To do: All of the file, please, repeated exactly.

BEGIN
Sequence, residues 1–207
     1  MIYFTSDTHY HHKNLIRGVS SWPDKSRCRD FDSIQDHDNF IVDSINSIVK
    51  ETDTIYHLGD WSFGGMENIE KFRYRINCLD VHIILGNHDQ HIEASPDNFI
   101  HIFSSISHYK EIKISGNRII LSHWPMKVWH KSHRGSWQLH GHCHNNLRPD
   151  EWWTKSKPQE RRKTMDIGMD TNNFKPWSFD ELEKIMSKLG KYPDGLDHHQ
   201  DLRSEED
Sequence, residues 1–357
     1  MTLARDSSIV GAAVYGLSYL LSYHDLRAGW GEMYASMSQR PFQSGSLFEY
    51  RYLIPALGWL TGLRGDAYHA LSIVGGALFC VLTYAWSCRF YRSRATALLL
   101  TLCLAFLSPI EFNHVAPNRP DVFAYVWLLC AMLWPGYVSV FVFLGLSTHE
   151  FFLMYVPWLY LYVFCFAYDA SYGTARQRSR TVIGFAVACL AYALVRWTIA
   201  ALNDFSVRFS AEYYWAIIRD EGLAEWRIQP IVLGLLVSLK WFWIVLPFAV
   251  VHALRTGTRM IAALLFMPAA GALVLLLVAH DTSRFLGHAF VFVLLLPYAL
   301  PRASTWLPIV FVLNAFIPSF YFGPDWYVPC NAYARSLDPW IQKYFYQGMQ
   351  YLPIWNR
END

Sequence, residues 1–207
     1  MIYFTSDTHY HHKNLIRGVS SWPDKSRCRD FDSIQDHDNF IVDSINSIVK
    51  ETDTIYHLGD WSFGGMENIE KFRYRINCLD VHIILGNHDQ HIEASPDNFI
   101  HIFSSISHYK EIKISGNRII LSHWPMKVWH KSHRGSWQLH GHCHNNLRPD
   151  EWWTKSKPQE RRKTMDIGMD TNNFKPWSFD ELEKIMSKLG KYPDGLDHHQ
   201  DLRSEED
Sequence, residues 1–357
     1  MTLARDSSIV GAAVYGLSYL LSYHDLRAGW GEMYASMSQR PFQSGSLFEY
    51  RYLIPALGWL TGLRGDAYHA LSIVGGALFC VLTYAWSCRF YRSRATALLL
   101  TLCLAFLSPI EFNHVAPNRP DVFAYVWLLC AMLWPGYVSV FVFLGLSTHE
   151  FFLMYVPWLY LYVFCFAYDA SYGTARQRSR TVIGFAVACL AYALVRWTIA
   201  ALNDFSVRFS AEYYWAIIRD EGLAEWRIQP IVLGLLVSLK WFWIVLPFAV
   251  VHALRTGTRM IAALLFMPAA GALVLLLVAH DTSRFLGHAF VFVLLLPYAL
   301  PRASTWLPIV FVLNAFIPSF YFGPDWYVPC NAYARSLDPW IQKYFYQGMQ
   351  YLPIWNR